The caution and detail within Verne’s tales show that he was a keen observer, not a prophet. His words are a reminder to the over-confident, self-assured and tenured wise.
Not a lot of accessible contemporary debate[vi] appears to exist about how much his theism was influenced by deism, and how heavily or not, deism or theism might have influenced his work.
Most commentators seem to settle comfortably on the point that Verne rarely mentions Jesus Christ, so his deism is considered unquestionable.
On the surface they appear right. However, doubt about their conclusions is justified. For example: Verne had apparent fascination with Mormonism.[vii]
In the relatively unknown, 1871, publication ‘A Floating City’, Verne, in response to the sails of the Great Eastern being drawn out of respect for a Sunday Church service at sea, writes:
‘I thought myself very fortunate that the screw-propeller was allowed to continue its work, and when I inquired of a fierce Puritan the reason for this tolerance, “Sir,” said he to me, “that which comes directly from God must be respected; the wind is in His hand, the steam is in the power of man.” I was willing to content myself with this reason, and in the meantime observed what was going on, on board.’[viii]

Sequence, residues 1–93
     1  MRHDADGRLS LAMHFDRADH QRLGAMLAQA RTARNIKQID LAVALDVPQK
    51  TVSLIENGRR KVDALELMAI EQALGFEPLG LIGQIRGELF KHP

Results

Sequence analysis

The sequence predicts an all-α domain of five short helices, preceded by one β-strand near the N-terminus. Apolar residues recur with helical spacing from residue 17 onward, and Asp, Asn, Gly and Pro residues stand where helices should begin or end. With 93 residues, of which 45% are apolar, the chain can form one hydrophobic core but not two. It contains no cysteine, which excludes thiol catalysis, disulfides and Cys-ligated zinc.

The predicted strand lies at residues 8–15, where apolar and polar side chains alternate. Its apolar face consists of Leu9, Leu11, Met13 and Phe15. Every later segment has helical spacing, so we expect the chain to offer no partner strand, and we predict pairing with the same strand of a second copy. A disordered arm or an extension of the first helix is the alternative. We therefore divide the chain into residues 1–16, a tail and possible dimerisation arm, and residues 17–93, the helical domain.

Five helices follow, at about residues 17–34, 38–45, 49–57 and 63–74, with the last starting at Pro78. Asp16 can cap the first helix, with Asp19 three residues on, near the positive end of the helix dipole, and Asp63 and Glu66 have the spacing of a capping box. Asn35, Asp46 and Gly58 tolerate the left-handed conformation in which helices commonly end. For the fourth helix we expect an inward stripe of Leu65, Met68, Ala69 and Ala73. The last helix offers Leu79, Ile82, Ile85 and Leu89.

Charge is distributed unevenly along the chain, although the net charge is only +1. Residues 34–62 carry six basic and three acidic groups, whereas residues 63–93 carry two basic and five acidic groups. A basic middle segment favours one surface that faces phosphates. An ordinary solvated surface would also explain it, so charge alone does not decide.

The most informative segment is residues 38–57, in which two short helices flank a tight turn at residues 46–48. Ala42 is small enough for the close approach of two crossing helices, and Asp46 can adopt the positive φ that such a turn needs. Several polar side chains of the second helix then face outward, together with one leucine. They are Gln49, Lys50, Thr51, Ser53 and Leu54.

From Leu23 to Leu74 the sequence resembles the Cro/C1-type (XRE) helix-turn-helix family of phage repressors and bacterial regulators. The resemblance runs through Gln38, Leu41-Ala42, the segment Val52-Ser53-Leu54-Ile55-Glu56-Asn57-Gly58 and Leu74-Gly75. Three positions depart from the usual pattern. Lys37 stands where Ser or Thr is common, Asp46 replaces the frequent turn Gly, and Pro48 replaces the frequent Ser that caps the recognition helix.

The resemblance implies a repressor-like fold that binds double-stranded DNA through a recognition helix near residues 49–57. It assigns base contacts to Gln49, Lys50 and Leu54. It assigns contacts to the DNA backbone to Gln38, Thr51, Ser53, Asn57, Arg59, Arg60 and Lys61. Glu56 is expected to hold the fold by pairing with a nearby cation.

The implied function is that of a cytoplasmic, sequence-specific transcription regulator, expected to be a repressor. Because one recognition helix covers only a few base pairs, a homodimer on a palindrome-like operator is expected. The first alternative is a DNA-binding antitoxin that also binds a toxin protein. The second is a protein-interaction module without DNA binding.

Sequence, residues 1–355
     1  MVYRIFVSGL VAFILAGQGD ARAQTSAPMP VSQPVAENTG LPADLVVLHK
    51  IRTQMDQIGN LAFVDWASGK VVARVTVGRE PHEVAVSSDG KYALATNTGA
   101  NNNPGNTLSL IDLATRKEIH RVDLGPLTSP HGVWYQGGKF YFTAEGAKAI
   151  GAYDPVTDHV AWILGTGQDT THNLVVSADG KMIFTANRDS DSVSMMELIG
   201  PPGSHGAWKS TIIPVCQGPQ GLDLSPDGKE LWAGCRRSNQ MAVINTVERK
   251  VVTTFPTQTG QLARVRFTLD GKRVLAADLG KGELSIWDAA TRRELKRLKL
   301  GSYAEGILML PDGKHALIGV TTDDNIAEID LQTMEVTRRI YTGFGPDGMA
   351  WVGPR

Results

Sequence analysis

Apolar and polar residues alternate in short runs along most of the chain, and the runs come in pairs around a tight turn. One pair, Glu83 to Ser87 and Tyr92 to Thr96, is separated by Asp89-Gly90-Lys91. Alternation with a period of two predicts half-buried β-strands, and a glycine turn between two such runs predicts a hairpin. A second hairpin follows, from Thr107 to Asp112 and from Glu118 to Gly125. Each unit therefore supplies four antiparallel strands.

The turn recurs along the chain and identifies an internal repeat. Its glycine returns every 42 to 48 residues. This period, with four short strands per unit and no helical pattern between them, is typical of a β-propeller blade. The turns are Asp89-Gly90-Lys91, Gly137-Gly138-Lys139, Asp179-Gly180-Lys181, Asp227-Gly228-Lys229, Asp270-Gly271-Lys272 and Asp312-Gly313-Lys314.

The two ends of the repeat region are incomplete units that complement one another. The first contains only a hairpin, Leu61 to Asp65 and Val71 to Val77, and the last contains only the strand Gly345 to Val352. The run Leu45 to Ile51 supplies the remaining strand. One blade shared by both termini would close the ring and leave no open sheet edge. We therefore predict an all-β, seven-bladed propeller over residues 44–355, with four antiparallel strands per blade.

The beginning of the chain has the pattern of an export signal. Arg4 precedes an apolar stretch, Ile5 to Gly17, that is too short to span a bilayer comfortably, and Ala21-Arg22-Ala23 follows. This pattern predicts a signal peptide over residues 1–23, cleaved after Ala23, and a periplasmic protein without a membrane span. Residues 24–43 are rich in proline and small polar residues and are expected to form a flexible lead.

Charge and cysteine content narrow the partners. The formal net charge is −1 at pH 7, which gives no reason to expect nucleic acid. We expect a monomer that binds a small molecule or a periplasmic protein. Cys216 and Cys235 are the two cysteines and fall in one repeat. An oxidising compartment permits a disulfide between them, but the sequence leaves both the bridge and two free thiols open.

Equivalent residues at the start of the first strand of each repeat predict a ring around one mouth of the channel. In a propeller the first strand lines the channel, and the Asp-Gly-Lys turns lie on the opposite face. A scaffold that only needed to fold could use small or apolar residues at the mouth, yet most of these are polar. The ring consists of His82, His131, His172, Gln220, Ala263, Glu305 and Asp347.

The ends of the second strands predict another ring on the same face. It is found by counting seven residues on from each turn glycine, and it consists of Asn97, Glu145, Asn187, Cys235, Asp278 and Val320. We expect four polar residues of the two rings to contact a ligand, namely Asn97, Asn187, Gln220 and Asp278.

In addition, certain parts of ‘A Floating City’, ‘Twenty Thousand Leagues Under the Sea’ and ‘Around the World in Eighty days’ provide us with evidence of Verne’s respect for traditional Christian devotion, it’s place in society mixed with a healthy criticism of the church-as-institution.
For now, outside quick token mentions of deism, those details are left to trivia and the footnotes of historians.
Yet, without real enquiry, or interest in it, any debate about Verne’s faith and theology will remain locked in speculation.Relegated to the rubric of opinion. Any conclusions will remain quietly hidden within the realms of mysticism, steampunk fashion, and the realm of science-fiction, a category that Verne is too easily assigned.
“Static objects mustn’t be confused with dynamic ones, or we’ll be open to serious error.” – Captain Nemo [ix]